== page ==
Jazz Is: 27 – In the Shape of Mood to Come

by A. Jay Adler on February 9, 2011
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Only twenty years separate these two numbers. Glenn Miller‘s “In the Mood,” recorded in 1939, is one of the most famous pieces of the Swing, big band era. Here it is in a rendition led by Tex Beneke, who took charge of Miller’s orchestra in the immediate post-War years, after Miller disappeared in a flight over the English channel in December 1944. Soon enough, Bebop was the prevailing jazz form, then Rock n Roll the new popular music of the young. It’s a swell bit of film. ;-)

Ornette Coleman‘s “Lonely Woman,” recorded in 1959, appeared on the groundbreaking album The Shape of Jazz to Come. Both a deeply controversial and widely acclaimed musician his entire career, Coleman was heralded by musical greats as knowledgeable and different from him as Leonard Bernstein and Virgil Thompson. As recently as 2007, he won the Pulitzer Prize for Music for his album Sound Grammar.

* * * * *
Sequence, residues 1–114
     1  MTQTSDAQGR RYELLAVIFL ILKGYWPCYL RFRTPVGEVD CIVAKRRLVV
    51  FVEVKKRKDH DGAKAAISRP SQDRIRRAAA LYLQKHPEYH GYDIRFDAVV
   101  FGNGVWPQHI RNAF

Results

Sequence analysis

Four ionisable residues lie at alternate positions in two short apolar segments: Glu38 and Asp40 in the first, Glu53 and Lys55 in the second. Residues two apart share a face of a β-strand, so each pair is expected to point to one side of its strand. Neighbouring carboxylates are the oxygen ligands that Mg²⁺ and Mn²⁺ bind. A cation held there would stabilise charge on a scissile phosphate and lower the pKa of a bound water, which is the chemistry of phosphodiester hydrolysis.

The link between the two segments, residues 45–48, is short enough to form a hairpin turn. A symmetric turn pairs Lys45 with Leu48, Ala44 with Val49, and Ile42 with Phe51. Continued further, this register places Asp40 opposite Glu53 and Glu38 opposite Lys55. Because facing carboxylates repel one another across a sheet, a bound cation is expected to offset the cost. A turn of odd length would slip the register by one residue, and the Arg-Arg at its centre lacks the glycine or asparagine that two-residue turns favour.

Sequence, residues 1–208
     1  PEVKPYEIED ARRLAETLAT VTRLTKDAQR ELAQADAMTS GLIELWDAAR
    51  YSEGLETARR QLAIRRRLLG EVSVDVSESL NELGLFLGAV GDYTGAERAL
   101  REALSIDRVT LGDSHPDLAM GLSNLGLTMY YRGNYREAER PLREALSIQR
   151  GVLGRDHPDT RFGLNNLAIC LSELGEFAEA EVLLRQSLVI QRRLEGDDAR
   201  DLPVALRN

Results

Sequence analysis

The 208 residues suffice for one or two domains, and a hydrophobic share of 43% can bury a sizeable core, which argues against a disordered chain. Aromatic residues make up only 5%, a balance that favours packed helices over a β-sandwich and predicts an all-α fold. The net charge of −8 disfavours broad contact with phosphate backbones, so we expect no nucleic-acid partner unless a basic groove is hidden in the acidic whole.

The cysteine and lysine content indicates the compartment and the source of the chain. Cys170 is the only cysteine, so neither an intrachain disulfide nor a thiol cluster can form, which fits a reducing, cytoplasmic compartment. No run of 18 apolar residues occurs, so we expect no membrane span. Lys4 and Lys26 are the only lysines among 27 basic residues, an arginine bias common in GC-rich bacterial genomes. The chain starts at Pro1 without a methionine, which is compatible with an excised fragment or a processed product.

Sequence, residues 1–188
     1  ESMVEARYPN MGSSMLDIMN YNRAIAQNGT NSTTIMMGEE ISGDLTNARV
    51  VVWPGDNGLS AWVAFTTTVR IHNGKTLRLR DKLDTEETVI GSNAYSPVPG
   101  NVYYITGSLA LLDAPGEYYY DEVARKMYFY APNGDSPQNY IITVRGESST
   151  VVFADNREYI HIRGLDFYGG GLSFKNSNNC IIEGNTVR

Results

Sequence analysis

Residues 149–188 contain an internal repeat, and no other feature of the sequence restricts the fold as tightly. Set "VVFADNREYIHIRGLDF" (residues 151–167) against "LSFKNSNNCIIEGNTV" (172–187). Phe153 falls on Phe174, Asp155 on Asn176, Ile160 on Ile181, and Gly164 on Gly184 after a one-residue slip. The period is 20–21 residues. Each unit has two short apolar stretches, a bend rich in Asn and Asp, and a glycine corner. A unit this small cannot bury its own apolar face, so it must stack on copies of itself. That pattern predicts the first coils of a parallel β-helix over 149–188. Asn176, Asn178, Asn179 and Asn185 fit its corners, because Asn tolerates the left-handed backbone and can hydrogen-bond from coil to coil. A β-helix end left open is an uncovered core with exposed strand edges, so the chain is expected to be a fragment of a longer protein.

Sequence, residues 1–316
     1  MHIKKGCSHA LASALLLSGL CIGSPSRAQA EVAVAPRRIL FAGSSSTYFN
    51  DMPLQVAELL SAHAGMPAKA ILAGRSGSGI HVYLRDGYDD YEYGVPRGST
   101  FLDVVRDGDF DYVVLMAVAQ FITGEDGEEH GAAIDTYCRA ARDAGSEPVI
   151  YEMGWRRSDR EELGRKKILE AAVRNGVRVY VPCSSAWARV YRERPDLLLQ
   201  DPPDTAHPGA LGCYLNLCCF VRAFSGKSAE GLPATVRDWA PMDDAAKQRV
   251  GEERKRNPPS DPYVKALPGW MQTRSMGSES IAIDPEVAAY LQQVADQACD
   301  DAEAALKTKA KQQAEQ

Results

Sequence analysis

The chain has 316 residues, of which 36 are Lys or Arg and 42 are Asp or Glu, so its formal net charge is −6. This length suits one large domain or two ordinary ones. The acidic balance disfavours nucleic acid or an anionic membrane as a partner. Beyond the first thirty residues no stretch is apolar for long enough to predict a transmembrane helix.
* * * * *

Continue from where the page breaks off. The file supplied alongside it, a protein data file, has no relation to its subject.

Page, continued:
In the Mood

Lonely Woman

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{ 2 comments… read them below or add one }

Rob February 9, 2011 at 8:30 am

Hi Jay…

Watching the Ornette Coleman clip reminded me of the great scene in “Tom Dowd and the Language of Music” where he talks about him and Phil Ramone recording the quartets of Coleman and Eric Dolphy. It’s such a great film if you haven’ seen it.





A. Jay Adler February 9, 2011 at 1:20 pm

Thanks, Rob. It’s new to me and seems fascinating. I’ll check it out.


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